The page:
Couple not allowed to name son 'Friday'
This reminds me of the Seinfeld where George tries to reserve the name Seven for his child. Personally, I think Million is better--it's more masculine.
It's funny that the judge decreed 'Friday' would bar someone from "serene interpersonal relationships." I guess if serenity is the goal, Sunday would be a better choice.
ROME - A couple in Genoa, Italy, is under a court order to change the name of their infant son.
Mara and Roberto Germano, whose son was born on Sept. 3, 2006, named the boy Venerdi, Italian for Friday. The Germanos say they chose the name, even though the boy was born on a Sunday, because they wanted something unusual and original.
However, the judges ruled that the name recalls images of the savage in the novel "Robinson Crusoe."
As a result, they say name fails to provide the child with the necessary decorum and risks creating a sense of inferiority.
The couple's lawyer, Paola Rossi, says his clients may appeal to Italy's highest court.
"They wanted an unusual name, something original, and it did not seem like a shameful name," Rossi said in a telephone interview. "We think it calls to mind the day of the week rather than the novel's character."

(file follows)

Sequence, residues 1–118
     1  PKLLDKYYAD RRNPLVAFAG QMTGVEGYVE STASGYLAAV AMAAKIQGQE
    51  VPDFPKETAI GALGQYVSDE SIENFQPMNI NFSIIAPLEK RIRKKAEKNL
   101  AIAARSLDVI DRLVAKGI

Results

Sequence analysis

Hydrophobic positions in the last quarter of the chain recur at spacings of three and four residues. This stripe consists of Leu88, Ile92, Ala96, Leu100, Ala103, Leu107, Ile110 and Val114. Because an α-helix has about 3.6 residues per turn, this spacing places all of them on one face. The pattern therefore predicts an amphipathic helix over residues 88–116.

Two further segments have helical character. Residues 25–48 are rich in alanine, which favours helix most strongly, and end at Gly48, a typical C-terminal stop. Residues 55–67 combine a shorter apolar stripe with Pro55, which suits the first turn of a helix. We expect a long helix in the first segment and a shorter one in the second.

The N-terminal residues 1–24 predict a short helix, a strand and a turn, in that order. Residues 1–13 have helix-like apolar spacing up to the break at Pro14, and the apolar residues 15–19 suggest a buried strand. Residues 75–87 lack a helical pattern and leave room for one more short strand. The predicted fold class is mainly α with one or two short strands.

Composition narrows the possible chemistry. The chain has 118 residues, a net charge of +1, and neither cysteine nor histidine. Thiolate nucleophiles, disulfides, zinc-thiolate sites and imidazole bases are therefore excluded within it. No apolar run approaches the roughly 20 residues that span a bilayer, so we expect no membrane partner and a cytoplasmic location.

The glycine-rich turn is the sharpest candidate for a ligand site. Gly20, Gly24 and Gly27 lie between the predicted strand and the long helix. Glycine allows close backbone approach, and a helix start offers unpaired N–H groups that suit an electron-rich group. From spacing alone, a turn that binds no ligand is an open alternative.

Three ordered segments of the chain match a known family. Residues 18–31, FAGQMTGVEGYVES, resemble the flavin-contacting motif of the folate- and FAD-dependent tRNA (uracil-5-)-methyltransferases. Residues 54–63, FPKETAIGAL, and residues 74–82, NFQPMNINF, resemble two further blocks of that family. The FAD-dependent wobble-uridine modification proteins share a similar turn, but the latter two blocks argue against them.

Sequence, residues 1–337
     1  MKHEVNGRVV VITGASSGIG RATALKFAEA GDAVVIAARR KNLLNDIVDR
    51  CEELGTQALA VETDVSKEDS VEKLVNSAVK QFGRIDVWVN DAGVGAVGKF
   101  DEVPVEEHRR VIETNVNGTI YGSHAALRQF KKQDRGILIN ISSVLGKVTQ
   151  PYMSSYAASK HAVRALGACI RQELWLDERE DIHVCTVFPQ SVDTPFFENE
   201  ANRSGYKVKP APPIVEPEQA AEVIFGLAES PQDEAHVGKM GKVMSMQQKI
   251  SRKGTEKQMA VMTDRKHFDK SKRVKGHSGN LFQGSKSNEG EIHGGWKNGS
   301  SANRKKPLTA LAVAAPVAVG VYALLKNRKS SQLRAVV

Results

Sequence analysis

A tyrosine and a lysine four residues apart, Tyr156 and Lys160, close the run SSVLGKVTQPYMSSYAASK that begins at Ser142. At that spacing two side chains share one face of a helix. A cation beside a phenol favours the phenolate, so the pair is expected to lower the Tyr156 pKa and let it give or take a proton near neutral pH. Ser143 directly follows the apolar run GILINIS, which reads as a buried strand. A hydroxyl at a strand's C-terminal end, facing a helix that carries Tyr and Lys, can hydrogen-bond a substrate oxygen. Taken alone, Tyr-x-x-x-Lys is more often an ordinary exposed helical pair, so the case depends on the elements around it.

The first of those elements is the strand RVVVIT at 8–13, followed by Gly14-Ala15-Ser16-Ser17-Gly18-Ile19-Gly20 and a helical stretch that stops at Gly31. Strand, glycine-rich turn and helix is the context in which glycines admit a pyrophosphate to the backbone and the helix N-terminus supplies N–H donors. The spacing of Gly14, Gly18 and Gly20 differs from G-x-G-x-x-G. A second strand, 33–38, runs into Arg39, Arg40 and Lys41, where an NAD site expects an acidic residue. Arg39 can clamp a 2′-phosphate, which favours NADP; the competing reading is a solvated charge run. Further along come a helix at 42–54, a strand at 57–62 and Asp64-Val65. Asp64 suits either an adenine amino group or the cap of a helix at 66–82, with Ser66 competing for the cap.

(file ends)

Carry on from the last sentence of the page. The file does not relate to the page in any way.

Since city hall officials are obliged by law to report odd names, the matter ended up before judges in Genoa, the northern Italian city where the couple live.
Last month, an appeals court stated that Friday falls into the category of the "ridiculous or shameful" names that are barred by law, as it recalled the native servant in Daniel Defoe's novel.
The judges wrote that naming somebody Friday would bar him from "serene interpersonal relationships" and would turn the boy into the "laughing stock of his group," according to a report in La Repubblica newspaper this week.
The judges also said that, as a day of the week, Friday raises a sentiment of sadness and penitence, when not being associated with bad luck outright.
Rossi said the court, which upheld a previous ruling made in June, also ordered the boy to be named Gregorio after the saint on whose day he was born.